We are delighted to announce that a paper on the BUGA Fibre Pavillion – "Structural design assisted by testing for modular coreless filament-wound composites: The BUGA Fibre Pavilion" – has been published in the journal "Construction and Building Materials".
- The BUGA Fibre Pavillion is the largest coreless filament wound fibre composite structure.
- The methodology used presents an excellent example of experimental structural design.
- The methods combine structural simulation with physical prototyping and testing.
- The FEMS were used as a design tool rather than a way to predict failure.
- The component's structural integrity was proved through testing of single prototypes.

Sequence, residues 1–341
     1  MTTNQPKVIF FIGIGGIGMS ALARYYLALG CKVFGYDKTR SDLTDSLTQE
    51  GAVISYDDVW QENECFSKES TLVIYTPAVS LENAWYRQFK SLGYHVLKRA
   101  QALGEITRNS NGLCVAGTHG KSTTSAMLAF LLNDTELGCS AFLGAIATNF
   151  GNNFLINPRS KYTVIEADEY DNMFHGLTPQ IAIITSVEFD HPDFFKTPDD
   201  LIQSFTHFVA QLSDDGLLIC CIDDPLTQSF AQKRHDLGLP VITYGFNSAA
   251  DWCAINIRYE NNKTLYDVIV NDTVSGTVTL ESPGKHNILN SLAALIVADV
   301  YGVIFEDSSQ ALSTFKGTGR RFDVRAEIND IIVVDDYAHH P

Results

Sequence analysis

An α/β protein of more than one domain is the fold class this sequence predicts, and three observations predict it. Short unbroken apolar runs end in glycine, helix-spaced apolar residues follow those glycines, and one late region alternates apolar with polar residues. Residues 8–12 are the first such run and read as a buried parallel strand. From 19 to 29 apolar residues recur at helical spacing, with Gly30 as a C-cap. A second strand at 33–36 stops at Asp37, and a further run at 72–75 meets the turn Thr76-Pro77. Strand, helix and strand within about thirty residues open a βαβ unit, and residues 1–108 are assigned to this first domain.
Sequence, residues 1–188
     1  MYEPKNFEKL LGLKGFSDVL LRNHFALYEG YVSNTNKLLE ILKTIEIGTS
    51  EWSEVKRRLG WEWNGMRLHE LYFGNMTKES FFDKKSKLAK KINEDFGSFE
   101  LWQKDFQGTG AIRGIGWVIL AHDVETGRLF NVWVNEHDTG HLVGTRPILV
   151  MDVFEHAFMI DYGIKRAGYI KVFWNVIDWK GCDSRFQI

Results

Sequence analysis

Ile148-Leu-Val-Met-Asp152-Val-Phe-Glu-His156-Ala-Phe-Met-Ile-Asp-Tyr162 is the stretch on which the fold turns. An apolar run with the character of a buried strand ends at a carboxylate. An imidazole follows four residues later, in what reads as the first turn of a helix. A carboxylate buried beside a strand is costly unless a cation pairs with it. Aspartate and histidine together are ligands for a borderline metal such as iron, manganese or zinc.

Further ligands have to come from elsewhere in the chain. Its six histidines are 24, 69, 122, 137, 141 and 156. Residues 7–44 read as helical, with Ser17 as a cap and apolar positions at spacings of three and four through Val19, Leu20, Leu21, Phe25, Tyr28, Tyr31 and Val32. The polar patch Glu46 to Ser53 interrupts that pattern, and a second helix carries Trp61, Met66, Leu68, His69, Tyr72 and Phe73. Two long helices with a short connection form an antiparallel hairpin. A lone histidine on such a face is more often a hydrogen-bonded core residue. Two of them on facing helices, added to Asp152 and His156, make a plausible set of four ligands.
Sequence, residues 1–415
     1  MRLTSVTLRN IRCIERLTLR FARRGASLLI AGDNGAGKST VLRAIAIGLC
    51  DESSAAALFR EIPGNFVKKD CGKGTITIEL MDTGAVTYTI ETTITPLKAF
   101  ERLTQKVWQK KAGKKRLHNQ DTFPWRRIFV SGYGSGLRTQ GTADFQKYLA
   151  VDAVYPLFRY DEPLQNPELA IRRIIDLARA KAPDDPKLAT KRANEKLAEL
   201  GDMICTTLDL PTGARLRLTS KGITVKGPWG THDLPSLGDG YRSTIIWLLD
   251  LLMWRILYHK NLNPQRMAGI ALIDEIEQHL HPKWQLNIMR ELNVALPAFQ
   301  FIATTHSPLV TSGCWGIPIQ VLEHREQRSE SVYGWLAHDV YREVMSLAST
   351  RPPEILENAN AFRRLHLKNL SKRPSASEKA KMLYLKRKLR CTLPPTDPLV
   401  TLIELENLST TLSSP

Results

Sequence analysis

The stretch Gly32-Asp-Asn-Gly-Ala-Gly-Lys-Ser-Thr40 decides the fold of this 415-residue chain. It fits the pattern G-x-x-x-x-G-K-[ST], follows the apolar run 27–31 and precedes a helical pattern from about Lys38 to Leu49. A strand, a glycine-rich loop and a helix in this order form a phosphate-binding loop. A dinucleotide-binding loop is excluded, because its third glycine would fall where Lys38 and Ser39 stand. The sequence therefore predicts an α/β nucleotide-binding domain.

The BUGA Fibre Pavilion was built in 2019 in the Bundesgartenschau (National Gardening exhibition) at Heilbronn, Germany. The pavilion consists of modular fibre-polymer composite components made out of glass and carbon fibres with an epoxy resin matrix. The fabrication technique employed, called coreless filament winding (CFW), is a variant from conventional filament winding where the core is reduced to minimum frame support. The fibres are wound between these frames, freely spanning and creating the resulting geometry through fibre interaction. For the structural design of these components, conventional modelling and engineering methods were not sufficient as the system cannot be adequately characterized in the early stage. Therefore, a more experimental design approach is proposed for the BUGA Fibre Pavilion, where different levels of detailing and abstraction in the FE simulations are combined with prototyping and structural testing. This paper shows the procedure followed for the design and validation of the structural fibre components. In this process, the simulations are used as a design tool rather than a way to predict failure, while mechanical testing served for the verification and validation of the structural capacity.